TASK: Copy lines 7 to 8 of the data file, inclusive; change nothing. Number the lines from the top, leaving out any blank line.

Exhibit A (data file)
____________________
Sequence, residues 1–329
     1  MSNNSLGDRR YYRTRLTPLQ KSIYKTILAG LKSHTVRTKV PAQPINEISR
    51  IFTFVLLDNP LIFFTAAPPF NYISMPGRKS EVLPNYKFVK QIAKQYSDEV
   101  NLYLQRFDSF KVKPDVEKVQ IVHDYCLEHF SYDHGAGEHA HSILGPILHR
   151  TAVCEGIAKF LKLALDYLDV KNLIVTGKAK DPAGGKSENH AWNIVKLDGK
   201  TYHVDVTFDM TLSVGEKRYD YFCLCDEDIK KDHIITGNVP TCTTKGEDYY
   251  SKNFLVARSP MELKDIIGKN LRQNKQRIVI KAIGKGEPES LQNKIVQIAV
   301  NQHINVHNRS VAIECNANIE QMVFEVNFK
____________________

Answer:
   251  SKNFLVARSP MELKDIIGKN LRQNKQRIVI KAIGKGEPES LQNKIVQIAV
   301  NQHINVHNRS VAIECNANIE QMVFEVNFK